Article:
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Wine Industry Tries to Fix Image in China

wsj by BEN WORTHEN 21/03/2013  

When Mark Bright attends wine events in China, he says, people often complain that California wine is overpriced and of poor quality.

The San Francisco-based winemaker and sommelier blames that reputation on vendors who have flooded China with cheap "plunk" wine that they sell at prices normally charged only for better vintages.

"It's horrible for California," says Mr. Bright, who laments that if this continues, "we're never going to be able to build a business in China."

California winemakers—in particular those in Bay Area counties like Napa and Sonoma—have spent decades establishing their wines as some of the best in the world. But in China, where drinking wine is a more recent phenomenon, these well-constructed wines compete with bulk wine from the state that is bottled, branded and sold at prices they could never command elsewhere.

California's wine establishment, led by Bay Area vintners, brokers and trade representatives, is now trying to change the image of the state's wine in China. Mr. Bright is working on a Mandarin-language book about California wines. The Wine Institute, a San Francisco-based advocacy group for California wines, in July 2011 started holding virtual tastings via video conference for Chinese journalists. And earlier this month, Gov. Jerry Brown announced plans to promote California wines on an upcoming trip to China.

There is a lot riding on the efforts. While China in 2012 accounted for just under $74 million of the $1.4 billion of U.S. wine exports—about 90% of which comes from California—that is up from $16 million in 2007 and $2.6 million in 2003, according to the Wine Institute.

"There's an amazing opportunity with this emerging middle class [in China] that's buying cars and watches and wine," says Linsey Gallagher, international marketing director for the Wine Institute. She adds that about 90% of the calls she gets these days are about China.

Some California wine businesses say they have seen firsthand how poor wines from the state have wound up in China. "We've had people just show up with bags of cash and say give me the cheapest wine. It was that bad," says Robert Dahl, chief executive of California Shiners, a Napa-based company that buys bulk wine and then blends it and bottles it for customers, who brand and sell it. The people, who are either from China or have business connections there, are often looking to make a quick buck, he says. He declined to name any of them.

Mr. Dahl started his company two years ago and says he is on track to ship one million cases of wine this year, almost all of it to China. He says that he takes steps to ensure that his is a high-quality product, including having the proper facilities to store and filter the wine.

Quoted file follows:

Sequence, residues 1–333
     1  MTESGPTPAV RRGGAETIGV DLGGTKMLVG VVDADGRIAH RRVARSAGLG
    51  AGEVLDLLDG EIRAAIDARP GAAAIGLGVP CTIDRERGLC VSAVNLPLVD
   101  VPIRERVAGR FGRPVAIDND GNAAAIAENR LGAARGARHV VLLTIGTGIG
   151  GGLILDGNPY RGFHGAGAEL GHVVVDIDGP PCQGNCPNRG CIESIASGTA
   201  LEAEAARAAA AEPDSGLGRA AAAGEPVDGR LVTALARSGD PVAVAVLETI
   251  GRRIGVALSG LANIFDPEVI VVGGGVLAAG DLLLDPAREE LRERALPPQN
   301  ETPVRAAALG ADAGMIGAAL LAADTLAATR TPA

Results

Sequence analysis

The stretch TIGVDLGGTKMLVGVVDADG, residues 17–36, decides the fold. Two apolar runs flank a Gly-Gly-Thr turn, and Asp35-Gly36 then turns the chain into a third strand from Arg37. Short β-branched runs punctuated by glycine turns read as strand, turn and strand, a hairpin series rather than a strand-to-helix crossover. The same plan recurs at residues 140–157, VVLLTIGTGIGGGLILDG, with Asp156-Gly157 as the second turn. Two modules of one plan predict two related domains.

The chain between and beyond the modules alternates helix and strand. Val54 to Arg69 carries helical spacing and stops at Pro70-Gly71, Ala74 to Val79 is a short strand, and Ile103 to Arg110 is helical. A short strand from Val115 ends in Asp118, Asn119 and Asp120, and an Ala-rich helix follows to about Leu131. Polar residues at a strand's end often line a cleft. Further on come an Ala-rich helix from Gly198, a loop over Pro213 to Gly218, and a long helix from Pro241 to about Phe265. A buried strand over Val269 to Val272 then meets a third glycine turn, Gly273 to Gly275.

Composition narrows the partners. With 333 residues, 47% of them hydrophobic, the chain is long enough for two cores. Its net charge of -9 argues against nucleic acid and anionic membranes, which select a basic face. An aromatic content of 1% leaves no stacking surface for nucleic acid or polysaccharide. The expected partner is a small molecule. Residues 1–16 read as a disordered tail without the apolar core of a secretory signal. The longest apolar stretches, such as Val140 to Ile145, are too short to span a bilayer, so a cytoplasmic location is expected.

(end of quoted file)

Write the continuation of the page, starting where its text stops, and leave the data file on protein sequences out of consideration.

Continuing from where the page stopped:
"People were just sending junk," he says. "We've been pushing 100% against that. It makes us all look bad."

David Duckhorn, whose family once owned a Napa winery and who now lives in Shanghai, started a business importing wines to China in 2008 and has taken steps to distinguish the wine he sells from the lower-quality stuff. He says he only sells bottles that are branded the same as the ones a customer in the U.S. would get, from the same winemakers and sourced from the same vineyards.

Wine imported into China, like that brought to the U.S. from overseas, require a local-language label on the back.

California winemakers would leave the back of their bottles blank or ship them with the Chinese-language labels already affixed. To demonstrate his wines are the real deal, Mr. Duckhorn now asks for winemakers he works with to ship bottles with an English-language label on the back and he sticks the Chinese import label over it.

"You can peel it off," he says, which lets buyers confirm the authenticity of the product.

Mr. Duckhorn's company, Via Pacifica U.S. Inc., will soon have eight offices in China, where his staff puts on tastings for Chinese buyers. He encourages them to check online the prices that the same bottles sell for in the U.S. so that they can tell whether it is overpriced.

A bottle of wine in China typically costs about two or three times what it would in the U.S. because of taxes, import fees and other costs.

Still, as a middleman Mr. Duckhorn can't always stop overpricing. One of his customers once bought some Decoy wine, a less-expensive release from the Duckhorn Winery—formally owned by Mr. Duckhorn's family—that retails in the U.S. for around $20 per bottle, and at a 10-times markup in China.

Ms. Gallagher of the Wine Institute says some of the current problems will go away as Chinese wine buyers become better educated. The institute has led trade missions to China with California winemakers to promote the wines and recently launched a Chinese-language website about California wines.

Ms. Gallagher says she has lately had some success marketing food-and-wine pairings, with California wines going well with spicy dishes and traditional Chinese food like barbecued meats. The Wine Institute has put on events with sommeliers and chefs to tout this in Beijing and Shanghai.

"Journalists [in China] now write about food-and-wine pairings and how good California wines are," she says.